Alpha? Beta? ARC? Are these writing terms or the first stop on Greek row? Okay, maybe I should leave the jokes to the professionals, but when I first started writing these terms were a little confusing to me. I knew they were all types of book readers, I just wasn’t sure how they worked or when to use them!
Luckily, I found some amazing writing friends in our group to explain them, and now I will do the same for you. Here we go!
Alpha Readers are the first readers of your story. They can help during the developmental stages, tell you pieces that don’t make sense, or point out inconsistencies. These readers are often friends or part of peer writing groups. They expect your story to be in its rawest form.
As a writer, Alpha Readers are great when you need advice on character development or plot holes. Alpha Readers should approach your work as a writer-reader, someone who has experience on both sides of the book.
Authors will often send out their manuscripts to Beta Readers once completing at least one round of critical edits. Beta Readers are basically your test audience. They can leave comments about characters or plot points that they love, hate, or would love to see changed up.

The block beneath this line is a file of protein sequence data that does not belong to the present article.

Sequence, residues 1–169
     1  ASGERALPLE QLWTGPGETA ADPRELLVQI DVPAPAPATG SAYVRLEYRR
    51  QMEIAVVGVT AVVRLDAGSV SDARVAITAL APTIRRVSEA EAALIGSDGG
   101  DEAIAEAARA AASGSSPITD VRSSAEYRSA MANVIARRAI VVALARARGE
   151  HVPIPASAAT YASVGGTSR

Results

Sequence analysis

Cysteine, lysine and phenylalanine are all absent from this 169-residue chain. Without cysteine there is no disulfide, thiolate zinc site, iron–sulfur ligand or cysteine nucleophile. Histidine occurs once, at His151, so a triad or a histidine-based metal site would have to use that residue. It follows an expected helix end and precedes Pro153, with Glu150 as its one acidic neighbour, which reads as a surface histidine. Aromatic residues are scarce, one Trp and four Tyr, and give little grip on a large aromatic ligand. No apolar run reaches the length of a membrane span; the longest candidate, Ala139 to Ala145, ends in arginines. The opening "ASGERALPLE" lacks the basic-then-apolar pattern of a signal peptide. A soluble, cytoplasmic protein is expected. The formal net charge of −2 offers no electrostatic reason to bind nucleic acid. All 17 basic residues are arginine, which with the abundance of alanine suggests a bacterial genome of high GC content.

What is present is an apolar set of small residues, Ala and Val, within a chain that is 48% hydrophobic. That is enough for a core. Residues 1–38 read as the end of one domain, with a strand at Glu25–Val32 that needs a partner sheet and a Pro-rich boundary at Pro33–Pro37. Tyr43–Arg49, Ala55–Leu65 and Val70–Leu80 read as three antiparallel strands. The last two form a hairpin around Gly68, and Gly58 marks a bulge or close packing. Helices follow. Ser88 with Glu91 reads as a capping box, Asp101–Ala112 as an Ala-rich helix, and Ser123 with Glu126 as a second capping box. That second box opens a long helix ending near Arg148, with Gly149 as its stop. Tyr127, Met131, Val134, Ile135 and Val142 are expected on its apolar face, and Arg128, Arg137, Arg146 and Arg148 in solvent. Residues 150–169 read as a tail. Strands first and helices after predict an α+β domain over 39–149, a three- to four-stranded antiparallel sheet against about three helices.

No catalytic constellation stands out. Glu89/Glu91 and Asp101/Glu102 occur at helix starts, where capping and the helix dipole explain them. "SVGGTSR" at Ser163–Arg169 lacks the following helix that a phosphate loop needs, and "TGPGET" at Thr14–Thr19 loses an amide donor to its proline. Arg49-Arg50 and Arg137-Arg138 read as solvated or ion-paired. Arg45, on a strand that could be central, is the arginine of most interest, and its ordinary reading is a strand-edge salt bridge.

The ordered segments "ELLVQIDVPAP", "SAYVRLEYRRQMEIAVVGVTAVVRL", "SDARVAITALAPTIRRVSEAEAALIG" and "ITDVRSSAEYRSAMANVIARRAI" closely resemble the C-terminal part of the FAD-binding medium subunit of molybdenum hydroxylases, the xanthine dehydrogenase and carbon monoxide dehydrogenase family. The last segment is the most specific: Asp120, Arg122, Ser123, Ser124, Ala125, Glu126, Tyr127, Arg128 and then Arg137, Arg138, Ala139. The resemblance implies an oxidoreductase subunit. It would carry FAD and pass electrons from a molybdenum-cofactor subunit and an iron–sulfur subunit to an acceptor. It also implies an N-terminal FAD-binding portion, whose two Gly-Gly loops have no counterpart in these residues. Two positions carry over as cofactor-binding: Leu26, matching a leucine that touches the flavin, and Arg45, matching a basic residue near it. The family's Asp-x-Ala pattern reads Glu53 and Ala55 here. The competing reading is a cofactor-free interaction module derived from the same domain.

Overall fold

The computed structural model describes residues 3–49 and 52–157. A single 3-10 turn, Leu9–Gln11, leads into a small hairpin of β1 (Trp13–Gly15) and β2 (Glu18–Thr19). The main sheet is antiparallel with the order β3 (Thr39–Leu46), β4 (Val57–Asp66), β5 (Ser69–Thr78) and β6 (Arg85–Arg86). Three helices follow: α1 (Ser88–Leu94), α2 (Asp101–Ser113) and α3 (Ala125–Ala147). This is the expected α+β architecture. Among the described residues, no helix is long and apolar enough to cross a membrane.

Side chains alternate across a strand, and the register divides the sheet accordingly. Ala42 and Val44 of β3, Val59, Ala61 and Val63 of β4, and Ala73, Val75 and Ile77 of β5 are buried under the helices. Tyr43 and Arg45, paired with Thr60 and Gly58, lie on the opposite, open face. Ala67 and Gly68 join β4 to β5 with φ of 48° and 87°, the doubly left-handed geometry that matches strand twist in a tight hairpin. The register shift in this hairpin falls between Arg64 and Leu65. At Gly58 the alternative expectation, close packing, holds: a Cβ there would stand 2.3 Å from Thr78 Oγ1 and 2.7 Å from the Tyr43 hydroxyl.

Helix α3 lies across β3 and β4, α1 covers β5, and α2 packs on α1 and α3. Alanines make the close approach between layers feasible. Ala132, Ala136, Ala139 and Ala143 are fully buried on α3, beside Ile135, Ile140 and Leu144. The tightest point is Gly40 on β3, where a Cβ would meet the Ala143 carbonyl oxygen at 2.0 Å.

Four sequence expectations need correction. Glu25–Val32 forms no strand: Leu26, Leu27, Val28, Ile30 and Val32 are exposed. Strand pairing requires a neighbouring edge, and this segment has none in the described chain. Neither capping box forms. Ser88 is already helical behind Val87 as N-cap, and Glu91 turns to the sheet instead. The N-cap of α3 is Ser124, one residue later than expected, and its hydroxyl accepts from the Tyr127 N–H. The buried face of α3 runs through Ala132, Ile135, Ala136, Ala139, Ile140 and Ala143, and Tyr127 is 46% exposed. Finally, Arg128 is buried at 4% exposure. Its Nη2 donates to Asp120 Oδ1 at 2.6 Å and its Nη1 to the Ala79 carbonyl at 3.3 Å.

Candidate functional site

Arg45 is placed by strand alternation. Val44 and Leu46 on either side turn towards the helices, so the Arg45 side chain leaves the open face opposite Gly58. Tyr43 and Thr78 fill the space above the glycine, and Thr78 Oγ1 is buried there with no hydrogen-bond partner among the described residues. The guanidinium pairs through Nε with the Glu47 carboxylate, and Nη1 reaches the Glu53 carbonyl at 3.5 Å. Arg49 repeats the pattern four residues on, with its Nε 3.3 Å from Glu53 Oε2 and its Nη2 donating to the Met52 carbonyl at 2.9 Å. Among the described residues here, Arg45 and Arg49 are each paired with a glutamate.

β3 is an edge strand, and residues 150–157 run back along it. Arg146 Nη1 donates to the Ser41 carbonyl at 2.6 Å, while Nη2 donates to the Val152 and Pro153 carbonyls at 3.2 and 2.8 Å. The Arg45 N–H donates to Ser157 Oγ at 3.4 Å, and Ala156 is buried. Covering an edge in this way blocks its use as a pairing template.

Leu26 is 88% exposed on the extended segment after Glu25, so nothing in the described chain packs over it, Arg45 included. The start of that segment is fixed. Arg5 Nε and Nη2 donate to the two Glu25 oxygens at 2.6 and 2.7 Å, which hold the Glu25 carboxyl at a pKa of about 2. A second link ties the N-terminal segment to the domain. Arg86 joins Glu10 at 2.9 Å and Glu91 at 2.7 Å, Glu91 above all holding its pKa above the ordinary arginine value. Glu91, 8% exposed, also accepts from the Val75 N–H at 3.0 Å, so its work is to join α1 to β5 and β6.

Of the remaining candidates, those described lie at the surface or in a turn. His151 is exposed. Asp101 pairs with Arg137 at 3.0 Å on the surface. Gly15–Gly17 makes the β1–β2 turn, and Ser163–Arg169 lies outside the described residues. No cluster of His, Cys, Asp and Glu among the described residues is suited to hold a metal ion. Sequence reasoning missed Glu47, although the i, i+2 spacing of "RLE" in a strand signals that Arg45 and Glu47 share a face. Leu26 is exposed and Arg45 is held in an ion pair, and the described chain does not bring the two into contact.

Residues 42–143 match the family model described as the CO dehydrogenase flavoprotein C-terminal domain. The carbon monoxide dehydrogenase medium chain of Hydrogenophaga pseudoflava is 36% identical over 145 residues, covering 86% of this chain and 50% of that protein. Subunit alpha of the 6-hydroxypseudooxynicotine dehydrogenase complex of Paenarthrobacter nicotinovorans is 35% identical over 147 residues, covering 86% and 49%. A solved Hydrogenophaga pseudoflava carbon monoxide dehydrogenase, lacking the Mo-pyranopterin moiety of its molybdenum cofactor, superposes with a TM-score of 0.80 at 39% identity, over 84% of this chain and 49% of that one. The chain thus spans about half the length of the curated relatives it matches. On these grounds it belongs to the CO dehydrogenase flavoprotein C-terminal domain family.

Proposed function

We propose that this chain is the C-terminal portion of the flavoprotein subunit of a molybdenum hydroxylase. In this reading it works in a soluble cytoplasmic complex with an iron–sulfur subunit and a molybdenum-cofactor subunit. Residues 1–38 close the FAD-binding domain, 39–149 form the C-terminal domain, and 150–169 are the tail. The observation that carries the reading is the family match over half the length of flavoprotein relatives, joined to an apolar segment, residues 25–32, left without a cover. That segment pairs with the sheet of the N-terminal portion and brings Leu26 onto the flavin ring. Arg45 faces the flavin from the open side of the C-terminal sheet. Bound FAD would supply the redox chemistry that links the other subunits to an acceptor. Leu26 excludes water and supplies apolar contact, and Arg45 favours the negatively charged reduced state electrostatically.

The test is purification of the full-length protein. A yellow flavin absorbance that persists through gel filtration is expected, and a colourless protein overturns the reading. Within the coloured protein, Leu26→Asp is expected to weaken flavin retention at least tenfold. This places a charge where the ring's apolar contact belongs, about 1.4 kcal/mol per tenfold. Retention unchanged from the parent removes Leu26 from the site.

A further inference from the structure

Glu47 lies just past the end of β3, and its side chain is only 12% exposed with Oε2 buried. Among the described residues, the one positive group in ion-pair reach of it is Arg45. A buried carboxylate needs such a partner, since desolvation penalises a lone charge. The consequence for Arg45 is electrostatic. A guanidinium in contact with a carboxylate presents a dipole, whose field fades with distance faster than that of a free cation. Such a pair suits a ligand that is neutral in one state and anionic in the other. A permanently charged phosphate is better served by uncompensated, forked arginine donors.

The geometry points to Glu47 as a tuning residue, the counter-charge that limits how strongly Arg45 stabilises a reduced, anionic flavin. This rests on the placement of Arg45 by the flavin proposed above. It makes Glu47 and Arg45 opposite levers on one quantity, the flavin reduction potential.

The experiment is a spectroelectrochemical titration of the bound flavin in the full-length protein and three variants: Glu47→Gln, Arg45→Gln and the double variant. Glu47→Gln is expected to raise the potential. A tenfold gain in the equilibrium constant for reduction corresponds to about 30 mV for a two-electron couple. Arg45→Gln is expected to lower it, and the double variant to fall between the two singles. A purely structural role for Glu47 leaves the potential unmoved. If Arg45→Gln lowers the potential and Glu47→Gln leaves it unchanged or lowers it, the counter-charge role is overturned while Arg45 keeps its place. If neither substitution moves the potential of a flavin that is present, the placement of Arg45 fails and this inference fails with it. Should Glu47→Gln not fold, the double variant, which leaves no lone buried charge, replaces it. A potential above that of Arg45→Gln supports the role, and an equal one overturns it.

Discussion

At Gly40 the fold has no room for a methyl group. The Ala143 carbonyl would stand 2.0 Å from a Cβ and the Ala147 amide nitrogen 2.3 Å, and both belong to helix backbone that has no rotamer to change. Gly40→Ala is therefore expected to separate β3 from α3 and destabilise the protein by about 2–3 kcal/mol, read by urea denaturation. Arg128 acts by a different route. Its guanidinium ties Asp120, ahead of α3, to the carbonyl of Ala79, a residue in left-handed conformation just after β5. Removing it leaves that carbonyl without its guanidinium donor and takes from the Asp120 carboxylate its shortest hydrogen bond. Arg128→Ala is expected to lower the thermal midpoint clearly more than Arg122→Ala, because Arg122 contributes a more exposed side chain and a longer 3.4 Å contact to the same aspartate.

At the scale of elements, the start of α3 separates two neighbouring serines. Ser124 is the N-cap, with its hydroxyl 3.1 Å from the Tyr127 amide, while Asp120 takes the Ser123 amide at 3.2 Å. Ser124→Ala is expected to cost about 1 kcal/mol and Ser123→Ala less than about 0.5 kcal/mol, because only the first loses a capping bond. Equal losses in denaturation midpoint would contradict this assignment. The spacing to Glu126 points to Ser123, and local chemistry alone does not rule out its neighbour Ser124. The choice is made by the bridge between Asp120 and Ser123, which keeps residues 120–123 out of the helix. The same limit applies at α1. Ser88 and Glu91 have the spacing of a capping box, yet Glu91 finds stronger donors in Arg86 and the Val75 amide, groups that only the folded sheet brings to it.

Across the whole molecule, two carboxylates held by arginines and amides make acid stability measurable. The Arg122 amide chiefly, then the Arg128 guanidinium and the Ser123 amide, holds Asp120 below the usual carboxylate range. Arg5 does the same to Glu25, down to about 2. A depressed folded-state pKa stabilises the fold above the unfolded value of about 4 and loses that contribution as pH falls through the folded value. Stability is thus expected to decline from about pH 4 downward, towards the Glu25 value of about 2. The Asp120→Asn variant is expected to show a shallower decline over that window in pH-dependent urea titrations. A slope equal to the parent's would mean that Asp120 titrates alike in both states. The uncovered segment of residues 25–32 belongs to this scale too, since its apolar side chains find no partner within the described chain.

Beta Readers should approach your manuscript as a run-of-the-mill readers. They don’t need to be writers but should at least enjoy reading the same genre as your book. It also helps to have a questionnaire for your Beta Readers so they understand the expectations.
Looking for more info on Beta Reader roles and where to find them? We got you covered here.
ARC (Advanced Reader Copies) Readers are the end of the line before your book hits the shelves. After you finish editing and formatting your Alpha and Beta feedback, authors send ARCs to more readers for one final look.
This version of your story should be close to perfect; you’re not looking for your ARC Reader to provide more edits. The goal of ARCs is to start building a following for your story. You hope your ARC Readers love your book enough to leave a review that will help promote your story. You can not require these readers to do so, but you can remind them to leave a review if they’d like.
I hope this helps clear up the different readers for the different stages of your book.
About the Writer: Emmy Seal is a romantic comedy author. Living in Michigan with her husband and two kids, and dozens of plant babies. In her free time, she enjoys bike riding, hiking, and reading. Check out Emmy on Instagram for more.